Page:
Portrait of Seth Hoedl

Seth Hoedl

Achieving a social license for fusion energy

Seth Hoedl

Post Road Foundation

Wednesday, February 2, 2022



PSFC Seminars

Abstract: Fusion has the potential to address humanity's energy needs. However, there is a risk that fusion will not play a substantial role in mitigating climate change or alleviating energy poverty due to a lack of social acceptance. This risk is not academic -- other promising technologies, such as fission reactors, spent fuel waste repositories (i.e., Yucca Mountain), genetically modified foods, and even vaccines, struggle because they are rejected by a substantial fraction of society. Conventional approaches to this challenge, including risk-reducing technical solutions, such as replacing fission with fusion, and better "communication" or "education"are unlikely, on
their own, to alleviate a lack of acceptance [1].

Looking to other industries, endeavors, and fields of research, this talk will describe this risk and explore established methods that have been used to achieve social acceptance of new technologies and specific projects, particularly the "social license" [2] and bioethical review [3]. A key insight of these methods is that technology proponents must engage in meaningful two-way dialogue with the public and address the public's concerns through modifications of the technology and/or business models. Looking to global bioethics literature, the talk will discuss seven different categories of concerns that are likely to arise as fusion is commercialized, including energy access and conservation, human health and safety, future generations, land and the environment, community solidarity, and distribution of benefits and harms  The talk will conclude with specific recommendations for researchers, funders, regulators and other stakeholders to facilitate long term social acceptance of fusion power.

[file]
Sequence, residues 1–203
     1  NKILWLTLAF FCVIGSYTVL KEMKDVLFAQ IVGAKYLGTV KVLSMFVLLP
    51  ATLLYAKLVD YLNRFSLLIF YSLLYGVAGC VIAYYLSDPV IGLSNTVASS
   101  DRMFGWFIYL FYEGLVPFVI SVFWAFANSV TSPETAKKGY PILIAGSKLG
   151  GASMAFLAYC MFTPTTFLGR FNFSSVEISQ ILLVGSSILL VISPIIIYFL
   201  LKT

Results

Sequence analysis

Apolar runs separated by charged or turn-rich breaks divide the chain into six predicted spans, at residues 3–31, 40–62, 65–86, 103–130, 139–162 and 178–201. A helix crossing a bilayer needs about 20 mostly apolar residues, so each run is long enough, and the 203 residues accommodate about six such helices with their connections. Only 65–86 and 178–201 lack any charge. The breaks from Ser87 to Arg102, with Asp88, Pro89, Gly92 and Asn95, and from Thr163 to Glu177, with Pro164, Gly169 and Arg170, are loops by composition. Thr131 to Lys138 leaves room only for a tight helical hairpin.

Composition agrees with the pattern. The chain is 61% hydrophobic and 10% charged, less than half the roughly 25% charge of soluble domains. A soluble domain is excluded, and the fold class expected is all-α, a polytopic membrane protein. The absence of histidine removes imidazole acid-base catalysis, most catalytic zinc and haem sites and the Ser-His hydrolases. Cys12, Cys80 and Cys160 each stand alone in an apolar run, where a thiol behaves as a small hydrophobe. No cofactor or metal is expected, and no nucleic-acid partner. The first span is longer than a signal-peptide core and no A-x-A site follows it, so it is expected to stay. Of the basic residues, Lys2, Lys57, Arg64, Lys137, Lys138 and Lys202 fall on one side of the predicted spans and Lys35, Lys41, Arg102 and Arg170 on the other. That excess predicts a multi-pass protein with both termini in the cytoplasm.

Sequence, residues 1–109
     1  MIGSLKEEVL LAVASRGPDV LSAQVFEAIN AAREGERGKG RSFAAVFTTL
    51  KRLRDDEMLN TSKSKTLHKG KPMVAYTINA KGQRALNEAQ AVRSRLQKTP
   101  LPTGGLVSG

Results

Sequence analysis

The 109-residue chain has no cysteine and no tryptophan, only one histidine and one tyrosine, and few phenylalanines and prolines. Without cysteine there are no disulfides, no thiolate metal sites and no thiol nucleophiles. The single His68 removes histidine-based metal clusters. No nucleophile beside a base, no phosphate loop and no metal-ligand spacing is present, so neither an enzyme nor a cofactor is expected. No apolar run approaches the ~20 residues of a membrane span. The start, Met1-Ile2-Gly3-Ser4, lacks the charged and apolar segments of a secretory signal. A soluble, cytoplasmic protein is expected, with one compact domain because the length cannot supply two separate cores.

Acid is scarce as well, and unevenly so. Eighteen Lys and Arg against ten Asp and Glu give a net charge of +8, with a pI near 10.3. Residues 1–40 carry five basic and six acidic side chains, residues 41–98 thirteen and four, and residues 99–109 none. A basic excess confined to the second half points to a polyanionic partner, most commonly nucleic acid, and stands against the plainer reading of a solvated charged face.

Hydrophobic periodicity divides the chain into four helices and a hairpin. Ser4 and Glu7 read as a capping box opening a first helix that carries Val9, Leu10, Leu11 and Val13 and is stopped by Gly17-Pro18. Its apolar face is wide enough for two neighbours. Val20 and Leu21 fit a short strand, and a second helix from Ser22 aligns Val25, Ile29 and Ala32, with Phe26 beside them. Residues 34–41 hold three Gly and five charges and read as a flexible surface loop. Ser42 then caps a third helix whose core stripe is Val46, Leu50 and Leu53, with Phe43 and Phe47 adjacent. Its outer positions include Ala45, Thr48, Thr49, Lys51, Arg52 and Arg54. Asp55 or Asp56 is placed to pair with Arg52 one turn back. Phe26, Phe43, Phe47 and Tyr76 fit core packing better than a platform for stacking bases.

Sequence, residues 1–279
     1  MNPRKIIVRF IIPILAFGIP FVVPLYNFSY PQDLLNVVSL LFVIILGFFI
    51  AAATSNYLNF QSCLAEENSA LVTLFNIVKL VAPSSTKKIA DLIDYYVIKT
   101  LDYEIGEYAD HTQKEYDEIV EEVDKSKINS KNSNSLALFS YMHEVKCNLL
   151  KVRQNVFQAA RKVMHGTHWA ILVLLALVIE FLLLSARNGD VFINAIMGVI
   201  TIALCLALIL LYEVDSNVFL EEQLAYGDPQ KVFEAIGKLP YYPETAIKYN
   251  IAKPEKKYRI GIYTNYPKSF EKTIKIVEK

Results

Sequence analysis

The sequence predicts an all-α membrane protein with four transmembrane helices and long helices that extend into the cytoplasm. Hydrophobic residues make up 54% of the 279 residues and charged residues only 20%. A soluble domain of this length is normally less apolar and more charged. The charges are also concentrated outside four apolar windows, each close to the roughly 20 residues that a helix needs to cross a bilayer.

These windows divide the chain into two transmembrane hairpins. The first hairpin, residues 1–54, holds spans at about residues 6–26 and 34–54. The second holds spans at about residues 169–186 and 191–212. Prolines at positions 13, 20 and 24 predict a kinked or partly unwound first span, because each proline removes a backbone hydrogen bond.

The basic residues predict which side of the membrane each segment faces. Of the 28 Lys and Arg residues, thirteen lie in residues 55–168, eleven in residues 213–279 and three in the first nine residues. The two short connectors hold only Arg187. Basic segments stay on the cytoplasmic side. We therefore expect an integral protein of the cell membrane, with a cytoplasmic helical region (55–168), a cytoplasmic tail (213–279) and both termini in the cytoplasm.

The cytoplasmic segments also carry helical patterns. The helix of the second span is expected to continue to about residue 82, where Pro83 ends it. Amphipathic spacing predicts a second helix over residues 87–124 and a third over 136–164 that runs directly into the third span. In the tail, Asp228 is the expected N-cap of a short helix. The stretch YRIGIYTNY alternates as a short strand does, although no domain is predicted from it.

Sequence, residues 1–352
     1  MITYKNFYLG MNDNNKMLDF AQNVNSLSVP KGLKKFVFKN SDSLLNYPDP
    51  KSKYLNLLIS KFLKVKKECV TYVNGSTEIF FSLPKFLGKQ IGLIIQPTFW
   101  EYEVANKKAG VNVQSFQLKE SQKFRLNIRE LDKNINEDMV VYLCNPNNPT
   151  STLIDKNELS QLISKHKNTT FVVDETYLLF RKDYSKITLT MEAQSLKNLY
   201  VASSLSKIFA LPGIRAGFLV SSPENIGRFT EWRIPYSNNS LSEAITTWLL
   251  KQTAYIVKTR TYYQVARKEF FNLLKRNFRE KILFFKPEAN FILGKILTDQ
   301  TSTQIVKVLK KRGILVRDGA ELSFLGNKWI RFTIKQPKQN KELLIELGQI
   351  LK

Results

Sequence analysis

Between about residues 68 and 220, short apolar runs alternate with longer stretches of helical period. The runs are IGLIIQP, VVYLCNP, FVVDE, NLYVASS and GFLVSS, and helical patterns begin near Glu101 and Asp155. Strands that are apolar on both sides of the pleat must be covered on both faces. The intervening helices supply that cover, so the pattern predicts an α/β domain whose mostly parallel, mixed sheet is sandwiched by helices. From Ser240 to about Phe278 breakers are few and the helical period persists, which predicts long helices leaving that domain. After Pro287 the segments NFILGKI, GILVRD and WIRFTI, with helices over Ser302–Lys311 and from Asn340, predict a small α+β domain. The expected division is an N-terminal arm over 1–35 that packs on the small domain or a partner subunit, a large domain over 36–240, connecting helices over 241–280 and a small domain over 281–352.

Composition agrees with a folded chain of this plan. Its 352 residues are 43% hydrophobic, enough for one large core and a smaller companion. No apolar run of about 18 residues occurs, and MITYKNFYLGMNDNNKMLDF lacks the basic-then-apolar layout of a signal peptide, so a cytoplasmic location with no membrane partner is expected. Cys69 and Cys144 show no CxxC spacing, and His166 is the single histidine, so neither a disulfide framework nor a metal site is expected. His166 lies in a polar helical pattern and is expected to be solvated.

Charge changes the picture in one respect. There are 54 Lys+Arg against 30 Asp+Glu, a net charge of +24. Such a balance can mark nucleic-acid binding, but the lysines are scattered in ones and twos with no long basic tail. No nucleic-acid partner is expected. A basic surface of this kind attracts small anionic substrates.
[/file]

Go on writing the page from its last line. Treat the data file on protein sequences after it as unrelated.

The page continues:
[1] Otway HJ, Maurer D, Thomas K, “Nuclear power: The question of public acceptance, Futures 10:109.118 (1978). doi: 10.1016/0016-3287(78)90065-4
[2] Hoedl, Seth A. "A Social License for Nuclear Technologies." Nuclear Non-Proliferation in International Law-Volume IV. TMC Asser Press, The Hague, 2019. 19-44. https://arxiv.org/pdf/2009.09844
[3] Hoedl, Seth A. "Ethical Review for Nuclear Power: Inspiration from Bioethics." Nuclear Non-Proliferation in International Law-Volume VI. (Springer/Asser Press, forthcoming in 2021)

Bio: Dr. Seth Hoedl is a physicist, an entrepreneur, and an energy/environmental attorney with a long standing interest in nuclear technologies and their social acceptance. He is presently the
President, Chief Science Officer, and co-founder of the Post Road Foundation, a non-profit funded by The Rockefeller Foundation, the Ford Foundation and the U.S. DOE that focuses on helping communities build and finance sustainable infrastructure at the intersection of energy and communications.

Seth is originally trained as an experimental nuclear physicist (Princeton Ph.D., 2003), which he pursued in both academia and industry.  As an academic, he studied neutron decay at Los Alamos and
other facilities, and built a torsion-balance that improved the limits on a spin-dependent fifth-force by 12 orders of magnitude.In industry, Seth was the Chief Science Officer of a radiation oncology startup, where he developed and helped commercialize two radioactive devices for cancer therapy, which are now in clinical trials.  After this startup, he chose to refocus on energy and climate change by returning to law school (Harvard, 2015), where he specialized in energy and environmental law. As an energy/environmental attorney, Seth has pursued nuclear and climate change policy research, helped university and government clients assess climate change mitigation strategies, and co-founded Post Road. His policy-focused scholarly research has been published in a variety of peer-reviewed journals, including /Science and Global Security/ and a book series focused on international nuclear law.  He has been invited to present his policy work at policy- and technical-focused conferences,
university colloquiums, NRC meetings and other venues.